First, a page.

Are you a baseball fan?
It’s hard not to be, but I’m from Chicago, so I’m especially excited about the Cubbies clinching a come-from-behind World Series win, after 108 years.
But let’s be honest.
Before the Cubs were on the cusp of winning the Holy Grail of baseball, some games themselves felt like they lasted 108 years.
Every time my husband said, “Let’s go to a baseball game,” I cringed, thinking, “have they finished the last one yet?”
I had to clear the decks, so to speak for an unlimited block of time, shove an inordinate amount of “Power Bars” in my pocket, and pack a suitcase with wears for weeks and for every possible season – if you’ve ever been to Chicago, you know the weather can change on a dime.
When it comes to ending a baseball game, why is there no set time?
Why isn’t there an extra-inning rule, similar to other overtime rules in other sports?
If baseball goes into a tenth inning and no one scores, it should be a tie, or, at the very least, a sudden-death-run-off – a good, ol’ fashioned relay race!
Baseball fans would love it; it’s the only sport that keeps track of who’s ahead by the number of times you run home safely.
So line ’em up – both teams, single file, top of the order – one team behind first, the other behind third, and Theo Epstein “Barr” can yell: “On your mark, get set, GO!”
Whoever runs across home plate first and more often, gets the most points and wins!
If it’s a tie at home – and by tie I mean collision, it doesn’t go to the runner because they’re both running, in which case they can beat the crap out of each other, and the last guy standing wins.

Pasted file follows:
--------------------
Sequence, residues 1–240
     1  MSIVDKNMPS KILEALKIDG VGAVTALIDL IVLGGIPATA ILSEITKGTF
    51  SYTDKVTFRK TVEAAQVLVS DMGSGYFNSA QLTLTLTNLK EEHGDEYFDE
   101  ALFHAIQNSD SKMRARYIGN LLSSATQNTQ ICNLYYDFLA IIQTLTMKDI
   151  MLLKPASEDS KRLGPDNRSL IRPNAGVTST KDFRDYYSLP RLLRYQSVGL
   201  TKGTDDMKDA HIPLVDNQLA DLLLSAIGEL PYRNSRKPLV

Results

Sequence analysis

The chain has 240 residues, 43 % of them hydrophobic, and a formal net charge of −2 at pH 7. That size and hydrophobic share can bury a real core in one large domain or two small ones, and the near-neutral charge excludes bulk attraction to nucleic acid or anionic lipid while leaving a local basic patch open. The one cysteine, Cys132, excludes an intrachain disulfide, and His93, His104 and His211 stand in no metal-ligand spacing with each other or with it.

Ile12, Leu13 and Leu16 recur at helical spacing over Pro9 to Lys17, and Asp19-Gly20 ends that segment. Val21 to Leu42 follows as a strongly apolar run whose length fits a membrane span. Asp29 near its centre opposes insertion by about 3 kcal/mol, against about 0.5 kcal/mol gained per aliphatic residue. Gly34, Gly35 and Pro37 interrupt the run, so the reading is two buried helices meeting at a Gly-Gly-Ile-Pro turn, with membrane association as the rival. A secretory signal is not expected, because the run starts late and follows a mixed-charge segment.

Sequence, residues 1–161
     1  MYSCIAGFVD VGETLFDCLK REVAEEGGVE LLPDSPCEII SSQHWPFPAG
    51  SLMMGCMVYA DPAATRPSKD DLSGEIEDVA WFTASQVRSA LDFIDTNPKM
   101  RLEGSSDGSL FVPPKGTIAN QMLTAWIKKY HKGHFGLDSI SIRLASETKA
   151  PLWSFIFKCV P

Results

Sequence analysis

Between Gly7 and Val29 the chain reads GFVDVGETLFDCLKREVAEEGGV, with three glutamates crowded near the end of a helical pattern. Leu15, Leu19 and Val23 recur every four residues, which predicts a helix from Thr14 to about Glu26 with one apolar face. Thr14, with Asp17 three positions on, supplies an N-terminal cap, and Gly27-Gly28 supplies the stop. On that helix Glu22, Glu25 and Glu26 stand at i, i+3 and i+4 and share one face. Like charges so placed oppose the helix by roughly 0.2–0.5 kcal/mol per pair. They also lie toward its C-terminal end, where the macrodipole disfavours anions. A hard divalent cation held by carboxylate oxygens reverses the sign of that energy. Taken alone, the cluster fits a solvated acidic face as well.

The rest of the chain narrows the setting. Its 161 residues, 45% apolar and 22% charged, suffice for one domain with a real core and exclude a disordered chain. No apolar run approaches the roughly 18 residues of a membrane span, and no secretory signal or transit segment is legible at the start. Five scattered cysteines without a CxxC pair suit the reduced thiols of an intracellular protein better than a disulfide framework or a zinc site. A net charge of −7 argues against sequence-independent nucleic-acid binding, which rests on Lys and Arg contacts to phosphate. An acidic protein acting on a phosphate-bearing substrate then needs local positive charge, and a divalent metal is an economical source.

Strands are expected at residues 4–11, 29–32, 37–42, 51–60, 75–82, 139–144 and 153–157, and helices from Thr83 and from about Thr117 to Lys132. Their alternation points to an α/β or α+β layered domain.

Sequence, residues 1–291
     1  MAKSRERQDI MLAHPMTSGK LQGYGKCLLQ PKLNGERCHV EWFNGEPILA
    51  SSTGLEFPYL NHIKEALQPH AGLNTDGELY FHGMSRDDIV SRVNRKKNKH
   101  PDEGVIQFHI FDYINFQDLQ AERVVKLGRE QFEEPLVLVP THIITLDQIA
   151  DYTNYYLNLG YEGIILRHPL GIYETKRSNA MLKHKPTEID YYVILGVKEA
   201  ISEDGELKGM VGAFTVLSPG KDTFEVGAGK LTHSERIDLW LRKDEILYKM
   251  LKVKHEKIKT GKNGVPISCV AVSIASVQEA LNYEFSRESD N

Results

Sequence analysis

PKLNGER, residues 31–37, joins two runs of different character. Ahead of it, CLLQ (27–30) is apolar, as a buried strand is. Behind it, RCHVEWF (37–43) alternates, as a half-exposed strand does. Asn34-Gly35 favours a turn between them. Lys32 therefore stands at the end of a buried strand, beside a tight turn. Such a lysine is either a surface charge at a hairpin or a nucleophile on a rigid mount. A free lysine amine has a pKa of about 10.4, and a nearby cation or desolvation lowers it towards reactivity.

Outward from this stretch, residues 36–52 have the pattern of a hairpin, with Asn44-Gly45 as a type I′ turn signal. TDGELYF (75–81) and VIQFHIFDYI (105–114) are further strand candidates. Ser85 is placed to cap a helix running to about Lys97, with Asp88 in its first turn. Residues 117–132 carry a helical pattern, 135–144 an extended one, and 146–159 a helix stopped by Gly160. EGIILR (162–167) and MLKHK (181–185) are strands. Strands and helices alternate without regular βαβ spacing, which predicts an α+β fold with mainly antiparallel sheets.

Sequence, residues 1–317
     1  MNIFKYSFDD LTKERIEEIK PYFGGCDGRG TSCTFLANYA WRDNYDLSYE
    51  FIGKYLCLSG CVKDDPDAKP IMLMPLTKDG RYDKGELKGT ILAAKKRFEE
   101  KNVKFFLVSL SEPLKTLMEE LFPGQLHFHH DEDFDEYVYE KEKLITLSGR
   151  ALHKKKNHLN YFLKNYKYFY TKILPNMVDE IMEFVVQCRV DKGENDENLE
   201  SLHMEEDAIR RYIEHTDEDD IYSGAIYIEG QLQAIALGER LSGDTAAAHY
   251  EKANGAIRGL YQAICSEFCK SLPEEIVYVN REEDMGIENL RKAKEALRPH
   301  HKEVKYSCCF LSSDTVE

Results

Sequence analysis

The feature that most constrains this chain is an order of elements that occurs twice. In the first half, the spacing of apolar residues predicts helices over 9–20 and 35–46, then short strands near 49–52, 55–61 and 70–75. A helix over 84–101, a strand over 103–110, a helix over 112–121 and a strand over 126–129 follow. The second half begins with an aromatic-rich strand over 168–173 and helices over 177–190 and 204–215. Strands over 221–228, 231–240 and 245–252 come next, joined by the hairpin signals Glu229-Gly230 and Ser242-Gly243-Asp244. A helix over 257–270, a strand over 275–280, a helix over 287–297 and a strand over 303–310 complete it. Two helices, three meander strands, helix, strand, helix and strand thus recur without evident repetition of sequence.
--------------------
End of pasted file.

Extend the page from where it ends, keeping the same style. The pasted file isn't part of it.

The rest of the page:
If neither can stand, whoever has more teeth wins, and so on.
It’s a very simple process of elimination – literally, and it shouldn’t take more than fifteen, twenty minutes tops in a tenth inning.
The point is, the game ends at a reasonable time.
And no crying about it either!
There’s no crying in baseball!
God, baseball players are so damn delicate.
I guess that’s why they wear caps instead of helmets, and why teams used to be identified by the color of their stockings.
(The Cubs were once called the White Stockings, but when the White Sox entered the American League, there was one stipulation – they couldn’t use the city’s name, so they became the White Stockings – it was probably shortened to White Sox by some lazy reporter.)
The point is, the Cubs rule!
But the delicate nature of baseball players, explains why they run into the dugout when it rains.
Please. If there’s no crying in baseball, there shouldn’t be any whining either!
The boys need to strap on a pair of rubber cleats and play ball, rain or shine.
You don’t see football players or rugby players taking cover at the first sign of inclement weather, do you?
Heck, the Bears’ll grind it out in a blizzard with a hurricane on the horizon, and they suck, but a few raindrops, and baseball tarps around the world are unfurled faster than you can say, “I ain’t ‘fraid a-no goat.”
And what about the billy goat?
I never understood why the billy goat, an animal known to be independent and intelligent ended up being the scapegoat for the Cubs’ incredibly long losing streak.
Talk about a sacrificial lamb; the billy goat got screwed.
But sticking by your team when they stink, is the real sacrifice, and fans are willing to sacrifice because baseball brings people together.
From fair balls, foul balls, double plays and strikes, hotdogs, home runs, lemonades on ice, Javier Baez, billy goats and booze, extra innings suck if you think you’re gonna lose.
But baseball ushers in hope and optimism every spring season.
No matter what color stockings our teams wear, opening day is a new day for everyone’s team to be contender. It makes us all feel equal for just a little while.
And, it makes baseball a timeless and favorite past time because it gives all of us something to root for together.
Until opening day…
…Cheers to the Chicago Cubs – the greatest team in baseball, and cheers to finding humor in our day.
Cubbies, Niece Carly and Baby Mark